Offline goes online, online goes offline, and sometimes, offline just goes away
In the past decade, shopping behavior has changed significantly, with more and more people choosing to shop online for goods and apparel. While online retailers have typically remained online, many see the potential for expansion through brick-and-mortar retail. The past two years have seen an unprecedented convergence of online retailers moving offline – seeking an omnichannel presence and getting closer to where their consumers are. The trend goes the other way as well. Traditional retailers are feeling the strain of increasing online sales and are pressured into finding solutions that fit the needs of the consumer that’s shopping online. Retailers are making moves to position themselves on both sides of the coin.
Offline Goes Online
In addition to building out their own online presence, many big box stores are acquiring online-first retailers to get in the online game and tap into those increasing sales. By doing so, not only are they investing in the business, but with it comes a community in a typically younger demographic that have become loyal to these brands since their start.
- Walmart acquires Jet.com and most recently, ModCloth, the innovative fashion line, and has established an incubator called Store No. 8 to develop proprietary technologies
- Bed Bath & Beyond acquires One Kings Lane, the online home goods retailer elevating design
- Nordstrom acquires Trunk Club, the subscription service to make shopping for fashion as easy as ever
- Owner of Lord & Taylor and Saks Fifth Avenue, Hudson’s Bay acquires Gilt, a website to shop apparel and accessories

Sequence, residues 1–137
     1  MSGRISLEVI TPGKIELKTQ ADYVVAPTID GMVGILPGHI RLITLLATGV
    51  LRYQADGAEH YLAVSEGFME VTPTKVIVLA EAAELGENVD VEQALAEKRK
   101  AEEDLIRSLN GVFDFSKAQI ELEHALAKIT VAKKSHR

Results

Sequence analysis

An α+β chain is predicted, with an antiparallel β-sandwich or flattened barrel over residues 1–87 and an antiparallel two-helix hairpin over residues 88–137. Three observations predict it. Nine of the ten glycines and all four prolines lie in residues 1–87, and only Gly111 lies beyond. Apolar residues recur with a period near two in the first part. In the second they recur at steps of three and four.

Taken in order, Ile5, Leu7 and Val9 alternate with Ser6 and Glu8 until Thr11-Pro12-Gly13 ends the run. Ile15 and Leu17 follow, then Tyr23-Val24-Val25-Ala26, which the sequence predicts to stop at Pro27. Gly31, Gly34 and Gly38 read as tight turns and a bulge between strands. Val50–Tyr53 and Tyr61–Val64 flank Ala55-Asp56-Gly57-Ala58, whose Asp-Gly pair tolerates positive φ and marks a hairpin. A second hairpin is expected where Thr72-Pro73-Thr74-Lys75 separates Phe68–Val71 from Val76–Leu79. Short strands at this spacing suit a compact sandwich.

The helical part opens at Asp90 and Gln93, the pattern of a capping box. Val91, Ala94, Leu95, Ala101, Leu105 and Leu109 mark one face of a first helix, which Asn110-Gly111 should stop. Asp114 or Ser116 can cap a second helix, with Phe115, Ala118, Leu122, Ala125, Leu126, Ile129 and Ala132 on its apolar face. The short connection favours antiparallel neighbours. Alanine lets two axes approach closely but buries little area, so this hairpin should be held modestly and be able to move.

- Target was working on a “Store of the Future,” but they’ve recently shut the project down, which makes you wonder where they’ll put their innovation investments next
Online Goes Offline
On the flip side of the coin is Amazon. Not only is Amazon the leader in online retail (accounting for up to 38% of online holiday sales by some estimates), they are now taking steps to start to build out a physical presence as well. If things are going so well for Amazon online, why would they want to open stores? An understanding of their consumers and behaviors through massive online data has led to deep insight into how people will shop in physical stores. They’re delivering a different kind of experience that offers curation, discovery, and sociability unlike their online experience. By opening physical locations, Amazon draws itself even closer to where consumers are.
Amazon Go, the convenience store that lets you “just walk out” without standing in line to check out, still in beta
- Amazon Campus, the college campus store that serves as a package pick up and drop off with a dozen locations, priming college students early for Prime memberships, a huge revenue model for the company
- Amazon Books, which already has a handful of spots including Dedham, and more locations planned including Lynnfield
- AmazonFresh Pickup, a drive-up grocery store
Offline Just Goes Away
Companies that rely too heavily – or solely – on their physical store operations are failing at an alarming rate. Without adapting to changing consumer behaviors, they’ve missed the opportunity to survive and thrive in today’s market.
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